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Changing commercial property market conditions lead to bolstering of valuations services

Tags: Commercial

The increasing presence of large-scale corporate entities in New Zealand’s commercial and industrial property sector, combined with a tightening in the lending criteria by the retail banks for small to medium-sized borrowers

The increasing presence of large-scale corporate entities in New Zealand’s commercial and industrial property sector, combined with a tightening in the lending criteria by the retail banks for small to medium-sized borrowers, has seen Bayleys Valuations Services appoint two new director’s to head up its services division.

Carl Waalkens and Nick Thacker have joined Bayleys Valuations Ltd with a directive to prepare the company for the multiple operational evolutions taking place in the sector. The pair were both previously in similar roles with JLL, with 18 years’ experience there.

Mr Waalkens said the most recent commercial and industrial property cycle boom – which tracks its resurgence back to 2013 – had seen many of New Zealand’s larger property-owning entities such as Precinct, Goodman Property Trust, AMP, PFI, several Maori Iwi, and Augusta all increasing the size of their portfolios.

“Their growth has been across the board in terms of sector, and very much concentrated in the ‘golden triangle’ between Auckland, Hamilton and Tauranga. Those enlarged portfolios have subsequently demanded a greater degree of valuation services – whether for financial and shareholder reporting, insurance purposes, or refinancing,” Mr Waalkens said.

“With several more years of construction work already in the building pipeline – particularly in Auckland – the need for valuation services at the very top end of the value chain is forecast to remain strong.

“Concurrent with the increasing amount of New Zealand corporate-scale property ownership, we have also seen additional valuation work coming from offshore – with particularly the South-East Asian and European markets buying more New Zealand property than ever before and seeking the appropriate relevant documentation.”

Mr Waalkens said that in addition to targeting the corporate sector, BVL would soon be restructuring its personnel into sector-specific teams to encompass property types such as childcare centres, education use premises, boutique CBD high street and suburban bulk retail locations, warehousing, heavy and light manufacturing, and multi-tenanted commercial. Bayleys Valuation Services currently employs 15 valuers – including a team in Wellington.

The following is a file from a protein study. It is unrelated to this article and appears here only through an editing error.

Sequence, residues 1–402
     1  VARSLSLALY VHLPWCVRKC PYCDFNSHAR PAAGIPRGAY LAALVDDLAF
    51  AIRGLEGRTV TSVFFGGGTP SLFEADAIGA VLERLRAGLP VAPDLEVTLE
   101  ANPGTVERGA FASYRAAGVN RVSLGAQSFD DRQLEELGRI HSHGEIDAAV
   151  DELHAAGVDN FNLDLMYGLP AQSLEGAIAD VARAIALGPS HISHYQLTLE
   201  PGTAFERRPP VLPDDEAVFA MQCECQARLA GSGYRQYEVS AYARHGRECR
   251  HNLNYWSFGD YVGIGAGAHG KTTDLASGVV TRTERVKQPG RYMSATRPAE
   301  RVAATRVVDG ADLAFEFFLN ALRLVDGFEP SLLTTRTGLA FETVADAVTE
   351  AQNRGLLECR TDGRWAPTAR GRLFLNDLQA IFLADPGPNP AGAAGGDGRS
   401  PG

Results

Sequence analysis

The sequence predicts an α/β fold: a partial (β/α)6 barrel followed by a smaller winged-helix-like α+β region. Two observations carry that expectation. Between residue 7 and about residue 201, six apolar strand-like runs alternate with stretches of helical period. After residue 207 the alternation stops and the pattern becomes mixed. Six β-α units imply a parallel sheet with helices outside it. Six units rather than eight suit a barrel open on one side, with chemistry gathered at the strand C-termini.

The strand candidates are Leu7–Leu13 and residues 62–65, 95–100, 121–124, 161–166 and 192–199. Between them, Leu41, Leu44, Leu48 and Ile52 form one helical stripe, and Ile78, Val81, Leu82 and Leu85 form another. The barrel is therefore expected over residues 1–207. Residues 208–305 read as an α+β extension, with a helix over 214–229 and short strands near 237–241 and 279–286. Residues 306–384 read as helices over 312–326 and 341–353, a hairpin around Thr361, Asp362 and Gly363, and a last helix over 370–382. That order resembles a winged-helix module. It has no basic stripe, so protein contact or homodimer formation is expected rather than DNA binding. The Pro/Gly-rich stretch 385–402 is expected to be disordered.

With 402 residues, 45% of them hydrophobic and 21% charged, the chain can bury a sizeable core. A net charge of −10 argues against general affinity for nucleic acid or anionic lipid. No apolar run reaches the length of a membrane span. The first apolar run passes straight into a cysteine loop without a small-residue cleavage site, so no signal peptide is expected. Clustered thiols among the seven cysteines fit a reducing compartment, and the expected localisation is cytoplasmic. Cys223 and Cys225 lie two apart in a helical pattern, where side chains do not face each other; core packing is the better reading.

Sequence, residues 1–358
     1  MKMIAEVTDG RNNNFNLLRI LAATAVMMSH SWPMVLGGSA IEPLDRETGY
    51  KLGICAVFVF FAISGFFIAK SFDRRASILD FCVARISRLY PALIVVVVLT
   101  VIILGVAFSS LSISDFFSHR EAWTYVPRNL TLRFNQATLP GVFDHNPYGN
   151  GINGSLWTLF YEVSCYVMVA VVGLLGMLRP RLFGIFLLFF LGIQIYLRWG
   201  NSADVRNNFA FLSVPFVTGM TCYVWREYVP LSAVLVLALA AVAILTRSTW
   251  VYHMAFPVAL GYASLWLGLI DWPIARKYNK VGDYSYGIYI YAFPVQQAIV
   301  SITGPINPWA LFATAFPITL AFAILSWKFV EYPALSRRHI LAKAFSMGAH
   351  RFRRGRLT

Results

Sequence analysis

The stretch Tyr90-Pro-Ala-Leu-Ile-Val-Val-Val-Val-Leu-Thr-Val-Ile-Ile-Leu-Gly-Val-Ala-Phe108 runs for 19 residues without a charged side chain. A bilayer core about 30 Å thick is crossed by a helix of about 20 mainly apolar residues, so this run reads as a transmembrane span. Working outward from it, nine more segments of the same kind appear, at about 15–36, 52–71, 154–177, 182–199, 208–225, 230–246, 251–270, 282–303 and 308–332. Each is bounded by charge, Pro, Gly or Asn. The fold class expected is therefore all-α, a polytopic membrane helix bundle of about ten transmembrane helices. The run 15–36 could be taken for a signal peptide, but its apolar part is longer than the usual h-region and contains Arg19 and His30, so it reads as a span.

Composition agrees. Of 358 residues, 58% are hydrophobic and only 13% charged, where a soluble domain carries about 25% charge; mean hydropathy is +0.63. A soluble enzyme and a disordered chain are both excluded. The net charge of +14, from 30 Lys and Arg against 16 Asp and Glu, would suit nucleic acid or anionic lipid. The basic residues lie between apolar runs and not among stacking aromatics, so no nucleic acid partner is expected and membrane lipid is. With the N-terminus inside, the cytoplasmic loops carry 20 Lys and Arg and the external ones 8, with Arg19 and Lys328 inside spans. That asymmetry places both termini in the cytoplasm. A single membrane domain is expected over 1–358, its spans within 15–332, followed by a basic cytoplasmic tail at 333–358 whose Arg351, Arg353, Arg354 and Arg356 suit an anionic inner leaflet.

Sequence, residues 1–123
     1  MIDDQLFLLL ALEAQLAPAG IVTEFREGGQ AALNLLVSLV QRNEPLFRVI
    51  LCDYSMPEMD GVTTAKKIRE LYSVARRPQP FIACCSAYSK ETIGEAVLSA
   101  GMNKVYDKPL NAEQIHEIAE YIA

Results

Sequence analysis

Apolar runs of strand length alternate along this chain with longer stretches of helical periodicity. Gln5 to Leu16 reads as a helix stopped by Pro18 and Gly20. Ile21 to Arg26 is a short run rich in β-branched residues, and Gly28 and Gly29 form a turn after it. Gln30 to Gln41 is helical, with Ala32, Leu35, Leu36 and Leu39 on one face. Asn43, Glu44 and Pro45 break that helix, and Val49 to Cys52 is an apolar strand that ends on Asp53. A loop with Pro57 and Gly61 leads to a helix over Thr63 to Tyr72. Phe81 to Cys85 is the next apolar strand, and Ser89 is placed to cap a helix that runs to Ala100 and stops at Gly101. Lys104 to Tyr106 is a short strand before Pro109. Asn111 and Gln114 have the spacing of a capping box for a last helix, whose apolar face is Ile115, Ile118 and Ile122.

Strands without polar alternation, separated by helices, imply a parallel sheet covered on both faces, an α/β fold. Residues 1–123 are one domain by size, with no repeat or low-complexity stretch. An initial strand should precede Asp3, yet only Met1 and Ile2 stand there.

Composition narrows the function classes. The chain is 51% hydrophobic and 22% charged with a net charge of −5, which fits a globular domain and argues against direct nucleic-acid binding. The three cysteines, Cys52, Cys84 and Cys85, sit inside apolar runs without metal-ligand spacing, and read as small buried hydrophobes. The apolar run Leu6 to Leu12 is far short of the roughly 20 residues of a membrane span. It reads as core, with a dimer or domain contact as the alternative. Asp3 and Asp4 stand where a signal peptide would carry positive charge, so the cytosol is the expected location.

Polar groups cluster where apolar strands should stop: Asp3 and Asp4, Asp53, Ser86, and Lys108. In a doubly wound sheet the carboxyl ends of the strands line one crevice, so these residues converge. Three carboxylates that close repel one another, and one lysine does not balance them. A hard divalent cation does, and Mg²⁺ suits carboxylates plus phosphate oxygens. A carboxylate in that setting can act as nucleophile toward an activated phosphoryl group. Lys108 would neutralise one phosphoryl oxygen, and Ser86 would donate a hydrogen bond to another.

The growth in demand for insurance valuations had also been driven by the consequences of the Kaikoura earthquake at the end of last year, Mr Waalkens said.

“The physical impact that the earthquake had on the Wellington commercial scene has also sent a degree of nervousness northward,” he said. 

“While earthquakes are relatively rare in Auckland, global insurance underwriters now view New Zealand as ‘one location’ - with little geographic differentiation between Christchurch, Wellington and Auckland. Consequently, they are seeking updated valuations on hundreds of the bigger Auckland assets.”

Meanwhile, across the entry-level to mid-range tiers of the commercial and industrial property markets, Mr Thacker said the retail banks were taking a more cautious approach to their funding allocations – particularly seeking more professional valuation reports from potential borrowers.

“It’s a trend which first began emerging over the second half of 2016, and has definitely become more prevalent this year,” Mr Thacker said.

“The banks are actively directing potential borrowers to seek valuations from reputable valuation practices. With Bayleys Valuations already on the major banks’ recommended valuer panels, and with more work coming through as a result of the stringent lending application criteria, the workload justifies growing our personnel resourcing and breadth of capabilities to service this segment of the market.”

Mr Thacker said ground lease rental reviews – particularly for the scores of businesses operating from leasehold premises around Auckland’s waterfront stretching from the Wynyard Quarter, through Britomart, and south to the Mahuhu precinct – were also another increasingly active sector of the valuations spectrum of services.

“With the first of those early ground leases now coming up for review, many tenants are seeking advice on whether there is value in their continued occupancy due to inflated total occupancy costs, and how their terms and per square metre rates comparatively fare against other similarly sized premises in adjacent locations,” he said.

“The more that these tenancies come up for review, the more comparative market data valuers are accessing to get a broader picture of what is happening in the market. For example, due to the strong land value growth of the past four years we are seeing big variations in ground rentals between Mahuhu which is the most mature location, Britomart which has been largely developed since 2010, and Wynyard which is the veritable ‘new kid on the block’ with new buildings coming on stream now.”

Bayleys Valuation Limited is typical of the larger corporate tenancies moving into the Wynyard Quarter – having relocated its head office services into a purpose built office block on the corner of Gaunt and Halsey streets to house the wider Bayleys organisation. The leased building is owned by Goodman Property Trust.

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